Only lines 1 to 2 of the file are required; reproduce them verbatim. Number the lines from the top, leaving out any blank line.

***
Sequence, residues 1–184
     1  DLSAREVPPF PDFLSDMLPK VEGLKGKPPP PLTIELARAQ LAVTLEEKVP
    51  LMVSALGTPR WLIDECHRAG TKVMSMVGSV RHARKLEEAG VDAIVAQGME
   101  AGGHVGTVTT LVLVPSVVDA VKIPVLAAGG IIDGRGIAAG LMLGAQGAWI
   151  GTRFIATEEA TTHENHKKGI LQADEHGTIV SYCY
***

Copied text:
Sequence, residues 1–184
     1  DLSAREVPPF PDFLSDMLPK VEGLKGKPPP PLTIELARAQ LAVTLEEKVP